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I have a GET method that handles paging, filtering, and sorting. Development has been fairly rapid and I'm not completely sold on some of the implementation. A few assumptions have to be made for this method: I'm using System.Dynamic.Linq. I want to put as much work as possible on SQL Server. The page will make use of both the resulting record set after filtering and paging have been applied, as well as the count of the filtered record set before paging is applied. I have full control of the entity definitions, and each has a [Key] attribute on only one property. Currently, I'm only interested in seeing the IsActive records.

Any thoughts on improvements are welcome. Thanks in advance.

    public IList<TEntity> Get<TParamater>(IList<Expression<Func<TEntity, TParamater>>> includeProperties, out int recordCount, Dictionary<string,string> filter, bool filterExact,
    string orderBy = null, bool orderByAsc = true, int pageNumber = 0, int perPage = 10)

    {
        //IQueryable that will eventually contain the record set
        IQueryable<TEntity> query = _context.Set<TEntity>();
        //IQueryable that will get the count of post-filter, but pre-page records
        IQueryable<TEntity> countQuery = _context.Set<TEntity>();
        List<TEntity> page;


        //countQuery mirrors query through the filter assignments
        query = query.Where("IsActive = true");
        countQuery = countQuery.Where("IsActive = true");

        if (filter.Count > 0)
        {                
            string _template = filterExact ? "{0}.ToString().Equals(@0)" : "{0}.ToString().Contains(@0)";
            string _clause = "";
            foreach (KeyValuePair<string, string> entry in filter)
            {
                _clause = string.Format(_template, entry.Key);
                query = query.Where(_clause, entry.Value);
                countQuery = countQuery.Where(_clause, entry.Value);
            }               
        }
        //countQuery's job is finished at this point
        recordCount = countQuery.Count();

        if (includeProperties != null)
        {
            foreach (var include in includeProperties)
            {

                query = query.Include(include);
            }
        }

        if (orderBy != null)
        {
            query = query.OrderBy(orderBy + ((orderByAsc) ? " ascending" : " descending"));
        }
        else
        {
            //Using reflection to find the [Key] attribute to use as a default ordering because Skip/Take requires an ordered set
            Type entityType = typeof(TEntity);
            var keyField = entityType.GetProperties()
                .Single(p => Attribute.IsDefined(p, typeof(KeyAttribute)));
            query = query.OrderBy(keyField.Name);
        }

        if (pageNumber > 0)
        {
            int _start = (pageNumber - 1) * perPage;
            query = query.Skip(_start);
            query = query.Take(perPage);
        }

        page = query.ToList();

        return page;
    }
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  • 2
    \$\begingroup\$ One small thing: you don't need countQuery; you can use query for both counting and querying data, because EF will ignore Includes and ordering if you apply Count(). \$\endgroup\$ – Gert Arnold Jun 27 '16 at 19:40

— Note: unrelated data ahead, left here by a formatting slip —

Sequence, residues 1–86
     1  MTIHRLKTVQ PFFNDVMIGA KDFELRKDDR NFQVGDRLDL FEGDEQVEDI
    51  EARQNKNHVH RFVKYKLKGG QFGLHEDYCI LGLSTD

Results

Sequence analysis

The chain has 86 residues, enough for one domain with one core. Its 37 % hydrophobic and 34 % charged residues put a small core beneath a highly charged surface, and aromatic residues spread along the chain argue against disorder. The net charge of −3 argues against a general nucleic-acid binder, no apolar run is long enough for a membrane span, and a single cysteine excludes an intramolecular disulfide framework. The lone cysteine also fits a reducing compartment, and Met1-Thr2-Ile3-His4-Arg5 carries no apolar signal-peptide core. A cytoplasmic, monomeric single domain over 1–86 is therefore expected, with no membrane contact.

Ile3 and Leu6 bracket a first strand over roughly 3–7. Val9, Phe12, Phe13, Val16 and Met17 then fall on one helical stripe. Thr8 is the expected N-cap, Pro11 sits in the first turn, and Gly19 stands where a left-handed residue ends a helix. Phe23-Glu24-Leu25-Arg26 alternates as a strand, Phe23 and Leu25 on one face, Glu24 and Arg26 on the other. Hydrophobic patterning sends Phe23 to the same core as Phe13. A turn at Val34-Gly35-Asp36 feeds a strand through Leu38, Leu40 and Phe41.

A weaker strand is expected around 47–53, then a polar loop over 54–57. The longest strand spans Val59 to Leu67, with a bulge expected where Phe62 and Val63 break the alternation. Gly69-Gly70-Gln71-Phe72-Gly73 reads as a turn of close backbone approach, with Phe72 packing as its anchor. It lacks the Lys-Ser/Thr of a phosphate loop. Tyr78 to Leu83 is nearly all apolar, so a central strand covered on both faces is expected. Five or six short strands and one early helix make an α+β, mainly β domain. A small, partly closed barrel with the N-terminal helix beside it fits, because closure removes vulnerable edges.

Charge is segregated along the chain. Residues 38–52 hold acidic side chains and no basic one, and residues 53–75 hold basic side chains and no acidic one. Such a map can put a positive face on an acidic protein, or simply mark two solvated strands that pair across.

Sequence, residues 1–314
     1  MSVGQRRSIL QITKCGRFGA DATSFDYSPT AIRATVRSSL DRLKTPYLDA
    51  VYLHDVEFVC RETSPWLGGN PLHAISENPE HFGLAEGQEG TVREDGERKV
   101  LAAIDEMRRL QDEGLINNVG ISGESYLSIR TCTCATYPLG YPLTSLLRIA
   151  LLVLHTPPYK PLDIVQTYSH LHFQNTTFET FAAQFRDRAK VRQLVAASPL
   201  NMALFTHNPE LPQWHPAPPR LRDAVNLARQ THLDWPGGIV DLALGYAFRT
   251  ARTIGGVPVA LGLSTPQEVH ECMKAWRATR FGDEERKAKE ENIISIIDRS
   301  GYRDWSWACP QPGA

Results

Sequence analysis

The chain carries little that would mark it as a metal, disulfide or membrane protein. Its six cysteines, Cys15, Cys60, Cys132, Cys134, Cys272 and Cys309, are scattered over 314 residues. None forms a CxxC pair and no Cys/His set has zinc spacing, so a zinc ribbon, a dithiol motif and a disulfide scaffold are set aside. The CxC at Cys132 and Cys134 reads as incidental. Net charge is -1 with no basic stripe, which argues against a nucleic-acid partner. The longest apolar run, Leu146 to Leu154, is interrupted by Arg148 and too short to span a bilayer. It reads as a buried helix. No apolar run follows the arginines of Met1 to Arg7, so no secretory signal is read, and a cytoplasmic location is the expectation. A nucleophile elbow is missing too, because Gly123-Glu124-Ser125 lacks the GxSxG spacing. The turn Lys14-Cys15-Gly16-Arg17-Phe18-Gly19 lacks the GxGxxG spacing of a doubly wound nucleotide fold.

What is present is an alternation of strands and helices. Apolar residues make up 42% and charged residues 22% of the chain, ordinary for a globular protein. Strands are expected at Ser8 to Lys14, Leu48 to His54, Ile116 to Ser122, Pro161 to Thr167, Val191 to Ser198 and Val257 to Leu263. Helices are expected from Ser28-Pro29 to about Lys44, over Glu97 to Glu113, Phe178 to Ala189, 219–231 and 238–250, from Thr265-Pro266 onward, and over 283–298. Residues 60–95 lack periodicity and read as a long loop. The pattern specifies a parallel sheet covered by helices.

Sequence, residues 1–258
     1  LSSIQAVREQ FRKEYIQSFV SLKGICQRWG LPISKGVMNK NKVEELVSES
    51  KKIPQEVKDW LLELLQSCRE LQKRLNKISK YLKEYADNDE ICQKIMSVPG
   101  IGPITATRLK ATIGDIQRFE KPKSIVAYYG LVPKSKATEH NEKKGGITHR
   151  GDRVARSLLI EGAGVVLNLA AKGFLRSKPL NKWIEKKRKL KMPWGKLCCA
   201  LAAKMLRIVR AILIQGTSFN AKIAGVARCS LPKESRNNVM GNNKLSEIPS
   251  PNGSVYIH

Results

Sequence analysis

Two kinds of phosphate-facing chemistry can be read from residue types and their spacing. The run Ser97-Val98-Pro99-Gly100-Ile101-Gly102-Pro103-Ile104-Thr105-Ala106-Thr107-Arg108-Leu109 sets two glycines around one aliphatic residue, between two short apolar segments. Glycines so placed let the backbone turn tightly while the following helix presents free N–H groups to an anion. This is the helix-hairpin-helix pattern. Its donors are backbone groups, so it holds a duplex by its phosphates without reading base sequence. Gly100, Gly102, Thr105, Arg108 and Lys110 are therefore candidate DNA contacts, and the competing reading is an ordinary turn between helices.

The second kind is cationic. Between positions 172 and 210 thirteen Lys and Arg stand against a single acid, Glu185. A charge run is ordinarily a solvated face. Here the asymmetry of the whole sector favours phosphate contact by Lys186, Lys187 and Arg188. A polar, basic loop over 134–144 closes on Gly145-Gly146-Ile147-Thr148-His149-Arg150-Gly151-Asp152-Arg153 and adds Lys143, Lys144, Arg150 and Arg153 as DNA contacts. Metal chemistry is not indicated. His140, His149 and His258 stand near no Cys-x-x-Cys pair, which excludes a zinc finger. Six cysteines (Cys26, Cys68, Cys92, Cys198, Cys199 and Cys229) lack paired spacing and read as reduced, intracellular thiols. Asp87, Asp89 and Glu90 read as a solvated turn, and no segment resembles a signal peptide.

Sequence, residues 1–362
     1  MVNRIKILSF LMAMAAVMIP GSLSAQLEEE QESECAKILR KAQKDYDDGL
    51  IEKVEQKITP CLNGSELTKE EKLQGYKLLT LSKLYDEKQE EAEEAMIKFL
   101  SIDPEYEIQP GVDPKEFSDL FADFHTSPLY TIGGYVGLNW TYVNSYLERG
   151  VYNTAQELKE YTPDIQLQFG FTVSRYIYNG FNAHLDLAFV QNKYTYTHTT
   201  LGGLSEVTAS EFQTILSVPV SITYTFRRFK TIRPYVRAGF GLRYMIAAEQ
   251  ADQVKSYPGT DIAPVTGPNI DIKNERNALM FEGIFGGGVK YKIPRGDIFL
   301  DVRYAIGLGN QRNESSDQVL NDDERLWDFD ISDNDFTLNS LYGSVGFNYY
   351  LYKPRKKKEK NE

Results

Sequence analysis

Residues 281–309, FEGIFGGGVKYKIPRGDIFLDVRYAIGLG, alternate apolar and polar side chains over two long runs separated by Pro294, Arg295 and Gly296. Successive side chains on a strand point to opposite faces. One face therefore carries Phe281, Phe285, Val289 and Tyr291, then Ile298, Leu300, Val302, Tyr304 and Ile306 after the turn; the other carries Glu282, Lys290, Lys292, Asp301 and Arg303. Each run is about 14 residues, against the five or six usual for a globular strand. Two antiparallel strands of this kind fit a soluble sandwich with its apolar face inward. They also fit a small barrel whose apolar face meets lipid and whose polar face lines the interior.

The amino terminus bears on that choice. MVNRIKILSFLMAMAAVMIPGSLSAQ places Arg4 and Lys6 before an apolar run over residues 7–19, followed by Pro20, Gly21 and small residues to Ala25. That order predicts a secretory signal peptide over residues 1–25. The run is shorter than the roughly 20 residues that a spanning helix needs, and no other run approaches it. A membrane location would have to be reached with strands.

• \$\begingroup\$ Thanks for the feedback. That works splendidly. I was thinking that once an executable statement had been run the state was set and that was that. That duplicate IQueryable was bothering me the most. Sorry I can't upvote your comment, I'm too new on this particular community. I'll come back once I can though! \$\endgroup\$ – G. J. Jun 27 '16 at 21:05
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//countQuery mirrors query through the filter assignments

I don't think that's necessary. You could have only one query for the first part of the method, then do recordCount = query.Count(); and then keep using query as you do now.

This way, you have less code and less chance of the count getting out of sync.


query.Where("IsActive = true")

I realize Dynamic Linq is an option, but I think you shouldn't use it when you don't have to. If possible, I would constraint TEntity to some Entity base class or IEntity interface (maybe you already do that) and then write:

query.Where(entity => entity.IsActive);

query = query.Skip(_start);
query = query.Take(perPage);

I don't see any reason why spread this over two lines:

query = query.Skip(_start).Take(perPage);

List<TEntity> page;

…

page = query.ToList();

return page;

The variable page does not serve any purpose, get rid of it:

return query.ToList();
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  • \$\begingroup\$ I wouldn't get rid of the page variable. It's priceless when debugging but I'd define it just before the return. \$\endgroup\$ – t3chb0t Jul 3 '16 at 17:24
  • \$\begingroup\$ @t3chb0t VS2015 can show you what a function you called returned, so you don't need such variables anymore. \$\endgroup\$ – svick Jul 3 '16 at 17:35
  • \$\begingroup\$ This is true, but it's also true that it's easier to hover over it then to find it somewhere among the locals ;-] \$\endgroup\$ – t3chb0t Jul 3 '16 at 17:40

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